“It’s Not My Department,” and Other Statements Certain to Enrage Customers

When it comes to service recovery, four words can be like throwing gasoline on a smoldering fire, turning an irritation into a full-blown conflagration.  When one of your employees says, “That’s not my department,” the customer hears:

  • Don’t bother me
  • Not my problem
  • Go somewhere else
  • You’re wrong
  • I don’t care

None of these messages are going to make the customer feel valued or cared for. Customers receiving one of these messages aren’t likely to (happily) ask for redirection. They are already smoldering and you have just fanned the flames.

I’ve researched, written, spoken, and trained on customer service and service recovery for over 25 years. I am certain that commitment to service and service recovery starts at the top with corporate values, followed by training and constant vigilance to ensure that both the individual employees and the organization learns, and makes improvements from, every service recovery issue.

For the past six weeks my assistant and I have spent countless hours chasing after AT&T, trying to get my business phones running after moving our office just five blocks. We alerted them of the impending move 12/3/20. One single phone number is too much. When we called for help, we heard:

  • That’s a different service (the bill says “AT&T” and the phone number on that bill brought me to you at AT&T. What am I missing?)
  • Someone will call you back (No one calls)
  • I’ll get to the bottom of this (No one calls)
  • Here’s my favorite: “We tried calling but couldn’t get through on your business line.” Duh. That is the line that is down and needs to be re-installed in the new building. That is why we gave you our cell phone numbers. (Verizon, because we had to drop AT&T for lousy service on wireless.)

Twice, when workmen arrived to do the “final install”, we were told, “We have the wrong equipment because we put the order in wrong.”

Desperate times call for desperate measures. I’m not a person to vent on social media to get my needs met. I have always felt that it is more mature and professional to handle problems quietly, and one-on-one. But when the other team doesn’t hold up their end after multiple attempts, where else could I turn to get the right person’s attention? Twitter.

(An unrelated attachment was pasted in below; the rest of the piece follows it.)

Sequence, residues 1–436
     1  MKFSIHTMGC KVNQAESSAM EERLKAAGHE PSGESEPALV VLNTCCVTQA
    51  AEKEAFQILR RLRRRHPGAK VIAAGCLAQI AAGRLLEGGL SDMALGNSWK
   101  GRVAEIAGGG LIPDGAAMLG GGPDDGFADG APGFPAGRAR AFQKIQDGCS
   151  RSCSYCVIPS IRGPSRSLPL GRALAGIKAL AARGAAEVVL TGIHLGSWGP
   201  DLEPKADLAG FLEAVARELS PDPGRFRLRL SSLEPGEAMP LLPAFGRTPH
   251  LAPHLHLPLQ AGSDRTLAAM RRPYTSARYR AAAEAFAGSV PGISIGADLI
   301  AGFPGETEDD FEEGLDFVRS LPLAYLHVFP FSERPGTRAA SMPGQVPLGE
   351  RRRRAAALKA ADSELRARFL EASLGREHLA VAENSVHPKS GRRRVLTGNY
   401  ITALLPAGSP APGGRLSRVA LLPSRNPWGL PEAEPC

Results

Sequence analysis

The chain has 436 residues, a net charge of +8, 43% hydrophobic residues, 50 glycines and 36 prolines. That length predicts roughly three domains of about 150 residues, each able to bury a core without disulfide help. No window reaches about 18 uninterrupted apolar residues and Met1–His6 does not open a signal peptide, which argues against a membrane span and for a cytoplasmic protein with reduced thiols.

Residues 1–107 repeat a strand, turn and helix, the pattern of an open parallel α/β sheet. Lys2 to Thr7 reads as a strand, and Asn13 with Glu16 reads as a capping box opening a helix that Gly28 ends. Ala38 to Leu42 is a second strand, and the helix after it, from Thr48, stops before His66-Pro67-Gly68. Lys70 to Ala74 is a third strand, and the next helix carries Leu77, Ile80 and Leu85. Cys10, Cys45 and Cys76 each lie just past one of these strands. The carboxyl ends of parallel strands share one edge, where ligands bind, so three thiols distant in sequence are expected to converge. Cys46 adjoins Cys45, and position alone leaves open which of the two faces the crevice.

One statement on Twitter resulted in contact within 30 minutes asking me to continue the conversation privately so they could help. Mind you, it wasn’t a rant, just an alert to my followers that our AT&T phones were still down and to use email to reach us. That resulted in a promise of “escalation” which resulted in… nothing.

I won’t go into more details, but after numerous attempts to just get someone to listen and resolve the problem, we’re still without phones. Data says a dissatisfied customer will tell 25 people. I’m now telling anyone who will listen, while I look for my next vendor.

Don’t let this happen in your organization.

  • Have good processes for managing concerns before they become full-blown complaints.
  • Train staff on how to handle dissatisfied customers, but give them real tools and processes.
  • Track complaints for patterns that point to broken processes.
  • Have a closed-loop process to ensure complaint is resolved in a timely matter.
  • Assign a single individual to ensure the loop is closed.

Missteps are inevitable in service-based businesses. Make sure you address them efficiently, respectfully, and accurately. If you don’t, it can, and will, damage your reputation.

Tags: , , , , ,

Subscribe to our Articles and stay up to date on leadership practices, employee engagement, retention, and service excellence.

Submit your information below to start receiving our Baird Group articles.